I talk openly about my difficulties rather than masking my emotions. I can identify which situations I am going to find challenging and will lead to a meltdown.

I know now that it is okay to say "no" to people. I acknowledge and celebrate my differences, difficulties, and achievements and choose to surround myself with people who understand, not those who I have to pretend in front of.

Since receiving my diagnosis, I have given birth to my daughter. I was able to discuss my sensory and communication difficulties with the midwives before her birth and the whole experience was amazing. I have received the support that I should have had the first time around. I am a different person and I am better for it.

I still find situations challenging but my awareness of myself has taken the edge off. These days we do not go to all the baby groups. I am not readily available to every single person who walks into my life because I feel that is how I 'should' behave. My priority is my family and I love to spend time alone with my children. I rest, talk with my husband and put plans in place. I have also stopped beating myself up for finding things hard or just needing a break.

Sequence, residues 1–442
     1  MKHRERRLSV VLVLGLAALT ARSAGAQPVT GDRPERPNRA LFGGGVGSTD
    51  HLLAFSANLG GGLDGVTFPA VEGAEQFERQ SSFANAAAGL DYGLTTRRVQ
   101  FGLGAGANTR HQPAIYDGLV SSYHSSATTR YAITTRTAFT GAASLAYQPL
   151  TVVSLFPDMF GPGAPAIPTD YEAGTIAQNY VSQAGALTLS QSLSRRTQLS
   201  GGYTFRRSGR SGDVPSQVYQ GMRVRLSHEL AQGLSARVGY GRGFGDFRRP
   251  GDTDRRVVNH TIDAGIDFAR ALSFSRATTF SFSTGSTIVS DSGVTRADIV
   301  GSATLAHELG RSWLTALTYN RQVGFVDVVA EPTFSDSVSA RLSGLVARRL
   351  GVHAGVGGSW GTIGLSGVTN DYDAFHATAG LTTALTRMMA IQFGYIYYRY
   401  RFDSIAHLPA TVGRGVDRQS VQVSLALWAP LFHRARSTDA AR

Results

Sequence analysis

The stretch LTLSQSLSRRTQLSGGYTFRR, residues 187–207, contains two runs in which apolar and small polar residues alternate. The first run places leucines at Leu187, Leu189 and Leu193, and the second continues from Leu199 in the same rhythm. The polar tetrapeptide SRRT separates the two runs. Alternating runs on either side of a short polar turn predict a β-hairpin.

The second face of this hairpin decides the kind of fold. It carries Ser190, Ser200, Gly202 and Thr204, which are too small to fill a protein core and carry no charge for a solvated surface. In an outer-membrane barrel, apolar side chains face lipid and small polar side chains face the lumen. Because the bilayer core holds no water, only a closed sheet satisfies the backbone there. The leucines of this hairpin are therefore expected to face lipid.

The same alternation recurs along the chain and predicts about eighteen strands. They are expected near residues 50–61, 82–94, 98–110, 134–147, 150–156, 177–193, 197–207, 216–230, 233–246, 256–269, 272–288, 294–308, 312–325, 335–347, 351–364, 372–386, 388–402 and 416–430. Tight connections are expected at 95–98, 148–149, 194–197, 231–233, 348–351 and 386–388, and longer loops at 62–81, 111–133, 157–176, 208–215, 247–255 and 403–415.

Having my little boy gave me the strength to say, "This is really hard and I'm not willing to do this anymore." I needed answers in order to recognize and address my difficulties in a healthy way.

Having my little girl has allowed me to see the person I really am and I've seen firsthand how beautiful and amazing the first year of motherhood can be. I am grateful every day for my children, what they teach me and how they have allowed me to grow. My little boy was loved and cared for just as much as my little girl, but I was the one having a hard time.

Motherhood has broken me and saved me in equal measures.

This is autism. I am still the same person I have always been. Only now I am better because I have more knowledge and understanding of who I am and what I can achieve.

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My village lives far away—but my Target baby registry helped them support me from afar

Virtual support was the next best thing to in-person hugs